The Diesel Engine

By Jonathan Spira on 5 December 2009
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Invented by Rudolf Diesel in the 1890s, the diesel engine is a type of internal combustion engine that uses the heat of highly compressed air to ignite a spray of fuel introduced after the start of the compression stroke.

The engine of a 2009 BMW 335d

The engine of a 2009 BMW 335d

It is highly efficient in converting heat energy into work.

A diesel engine differs from its gasoline counterpart in that the ignition of fuel is caused by compression of air in its cylinders instead of by an ignition spark: the high compression ratio causes the air in the cylinder to become hot enough to ignite the fuel. This is referred to as compression ignition as opposed to spark ignition.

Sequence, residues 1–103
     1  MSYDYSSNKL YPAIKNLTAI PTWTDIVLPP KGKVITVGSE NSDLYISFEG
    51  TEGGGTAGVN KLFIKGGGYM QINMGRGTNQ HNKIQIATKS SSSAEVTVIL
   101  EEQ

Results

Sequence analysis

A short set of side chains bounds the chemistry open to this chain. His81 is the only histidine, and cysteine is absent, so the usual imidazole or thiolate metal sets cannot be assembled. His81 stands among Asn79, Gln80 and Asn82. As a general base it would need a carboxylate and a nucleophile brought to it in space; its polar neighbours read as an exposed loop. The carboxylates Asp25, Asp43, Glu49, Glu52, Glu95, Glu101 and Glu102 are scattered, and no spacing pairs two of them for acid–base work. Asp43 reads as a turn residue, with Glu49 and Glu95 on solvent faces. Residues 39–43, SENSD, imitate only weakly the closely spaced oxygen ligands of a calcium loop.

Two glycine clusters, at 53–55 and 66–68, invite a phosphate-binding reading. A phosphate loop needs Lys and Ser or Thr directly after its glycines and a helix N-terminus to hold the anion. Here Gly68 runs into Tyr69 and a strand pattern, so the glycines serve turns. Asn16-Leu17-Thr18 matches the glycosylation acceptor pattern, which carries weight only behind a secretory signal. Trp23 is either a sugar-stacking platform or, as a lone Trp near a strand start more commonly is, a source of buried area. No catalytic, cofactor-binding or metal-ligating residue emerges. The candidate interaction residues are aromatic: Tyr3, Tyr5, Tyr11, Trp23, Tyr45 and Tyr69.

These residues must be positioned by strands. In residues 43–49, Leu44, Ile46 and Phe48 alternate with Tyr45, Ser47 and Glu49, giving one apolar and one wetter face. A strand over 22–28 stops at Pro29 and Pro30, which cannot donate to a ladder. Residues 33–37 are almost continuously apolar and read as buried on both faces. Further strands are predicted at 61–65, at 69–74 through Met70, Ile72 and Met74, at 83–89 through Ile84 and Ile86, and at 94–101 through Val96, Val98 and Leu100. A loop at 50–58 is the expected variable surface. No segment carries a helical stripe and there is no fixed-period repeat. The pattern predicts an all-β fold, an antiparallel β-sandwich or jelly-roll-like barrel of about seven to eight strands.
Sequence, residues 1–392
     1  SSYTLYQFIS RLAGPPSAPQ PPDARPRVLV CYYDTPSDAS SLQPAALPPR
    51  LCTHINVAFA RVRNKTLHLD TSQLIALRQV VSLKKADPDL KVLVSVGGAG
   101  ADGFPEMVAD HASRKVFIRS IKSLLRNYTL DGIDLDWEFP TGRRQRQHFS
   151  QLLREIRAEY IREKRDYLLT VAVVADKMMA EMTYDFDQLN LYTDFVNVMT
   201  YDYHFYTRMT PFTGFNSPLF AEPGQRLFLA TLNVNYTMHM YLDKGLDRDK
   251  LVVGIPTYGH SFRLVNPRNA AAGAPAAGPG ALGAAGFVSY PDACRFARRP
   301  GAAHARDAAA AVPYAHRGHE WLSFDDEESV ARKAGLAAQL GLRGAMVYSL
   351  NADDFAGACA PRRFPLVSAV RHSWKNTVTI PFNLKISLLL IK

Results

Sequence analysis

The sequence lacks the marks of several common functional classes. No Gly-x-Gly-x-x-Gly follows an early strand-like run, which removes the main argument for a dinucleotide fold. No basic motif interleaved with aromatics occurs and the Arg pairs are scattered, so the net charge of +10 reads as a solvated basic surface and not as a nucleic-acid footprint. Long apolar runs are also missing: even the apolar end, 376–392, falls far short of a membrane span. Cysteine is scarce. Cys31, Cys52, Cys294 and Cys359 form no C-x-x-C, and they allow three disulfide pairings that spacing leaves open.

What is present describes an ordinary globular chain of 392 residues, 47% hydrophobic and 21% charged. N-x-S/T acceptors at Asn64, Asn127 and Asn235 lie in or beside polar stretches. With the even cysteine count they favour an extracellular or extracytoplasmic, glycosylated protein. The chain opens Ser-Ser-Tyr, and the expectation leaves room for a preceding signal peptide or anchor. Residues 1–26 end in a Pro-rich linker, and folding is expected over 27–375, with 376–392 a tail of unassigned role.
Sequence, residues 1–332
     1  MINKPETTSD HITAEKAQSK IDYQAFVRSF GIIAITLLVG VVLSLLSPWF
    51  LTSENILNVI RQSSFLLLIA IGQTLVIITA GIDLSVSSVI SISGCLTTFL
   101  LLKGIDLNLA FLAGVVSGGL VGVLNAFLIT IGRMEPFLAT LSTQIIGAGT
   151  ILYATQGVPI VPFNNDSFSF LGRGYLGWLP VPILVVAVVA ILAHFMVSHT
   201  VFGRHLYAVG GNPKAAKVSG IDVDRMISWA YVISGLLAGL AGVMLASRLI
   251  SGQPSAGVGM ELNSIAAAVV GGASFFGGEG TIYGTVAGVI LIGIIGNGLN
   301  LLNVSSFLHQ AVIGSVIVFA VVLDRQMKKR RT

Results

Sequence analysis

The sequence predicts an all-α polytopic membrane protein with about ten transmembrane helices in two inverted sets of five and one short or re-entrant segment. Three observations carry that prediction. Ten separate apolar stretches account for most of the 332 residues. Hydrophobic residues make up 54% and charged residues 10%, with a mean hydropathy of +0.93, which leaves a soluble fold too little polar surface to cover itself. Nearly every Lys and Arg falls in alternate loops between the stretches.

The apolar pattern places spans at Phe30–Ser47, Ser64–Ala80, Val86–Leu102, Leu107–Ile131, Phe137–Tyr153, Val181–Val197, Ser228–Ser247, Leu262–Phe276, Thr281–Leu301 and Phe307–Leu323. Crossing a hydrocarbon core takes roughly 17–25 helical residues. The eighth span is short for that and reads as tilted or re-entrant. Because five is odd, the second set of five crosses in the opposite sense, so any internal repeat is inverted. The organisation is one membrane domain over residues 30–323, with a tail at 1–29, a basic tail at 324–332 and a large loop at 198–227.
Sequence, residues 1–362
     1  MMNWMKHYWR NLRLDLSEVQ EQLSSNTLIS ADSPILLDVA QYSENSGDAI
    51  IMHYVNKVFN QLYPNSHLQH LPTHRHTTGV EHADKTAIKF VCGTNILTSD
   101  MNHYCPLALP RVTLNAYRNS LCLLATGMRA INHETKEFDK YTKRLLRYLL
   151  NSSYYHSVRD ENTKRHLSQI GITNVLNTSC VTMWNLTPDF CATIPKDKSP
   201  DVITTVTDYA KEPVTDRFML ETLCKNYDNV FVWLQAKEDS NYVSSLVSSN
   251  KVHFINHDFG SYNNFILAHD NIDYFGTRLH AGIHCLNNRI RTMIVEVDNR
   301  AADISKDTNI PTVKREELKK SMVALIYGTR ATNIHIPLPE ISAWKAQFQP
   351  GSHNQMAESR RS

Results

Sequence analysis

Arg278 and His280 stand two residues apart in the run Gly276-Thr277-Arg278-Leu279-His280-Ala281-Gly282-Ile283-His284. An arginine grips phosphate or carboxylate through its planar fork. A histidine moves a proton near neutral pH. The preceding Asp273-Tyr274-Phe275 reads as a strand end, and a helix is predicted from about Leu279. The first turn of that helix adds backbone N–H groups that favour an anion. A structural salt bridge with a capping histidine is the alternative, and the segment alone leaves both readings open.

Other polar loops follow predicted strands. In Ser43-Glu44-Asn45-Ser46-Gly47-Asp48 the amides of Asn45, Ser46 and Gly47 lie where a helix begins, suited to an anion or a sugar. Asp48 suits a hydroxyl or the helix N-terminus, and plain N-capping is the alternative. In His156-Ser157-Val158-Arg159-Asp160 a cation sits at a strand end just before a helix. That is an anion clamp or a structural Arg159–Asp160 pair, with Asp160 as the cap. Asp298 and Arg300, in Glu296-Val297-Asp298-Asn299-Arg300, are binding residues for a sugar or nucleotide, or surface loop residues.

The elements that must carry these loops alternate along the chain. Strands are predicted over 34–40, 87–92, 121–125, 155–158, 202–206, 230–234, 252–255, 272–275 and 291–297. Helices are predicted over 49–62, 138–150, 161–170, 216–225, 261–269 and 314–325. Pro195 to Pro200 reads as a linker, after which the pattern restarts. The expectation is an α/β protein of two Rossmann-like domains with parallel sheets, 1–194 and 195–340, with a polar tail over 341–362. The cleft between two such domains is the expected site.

Diesel engines burn fuel oil, which requires less refining and is cheaper than higher-grade fuel such as gasoline. During the combustion process, the stored chemical energy in the fuel is converted to thermal, or heat, energy. The temperature in each cylinder rises as high as 2,480 °C, thus creating pressures of about 100 kilograms per square centimeter. The pressure pushes against the tops of the pistons, forcing them to the other end of their cylinders. The pistons are connected by a rod to a crankshaft which they turn, thus supplying power to a vehicles or machinery.

Diesel engines were first used in automobiles in the 1930s. The first manufacturer to produce a diesel-powered car was Mercedes-Benz in 1936.

In Europe, ca. 50% of all new car sales are diesel. In the U.S. that figure is closer to 3%.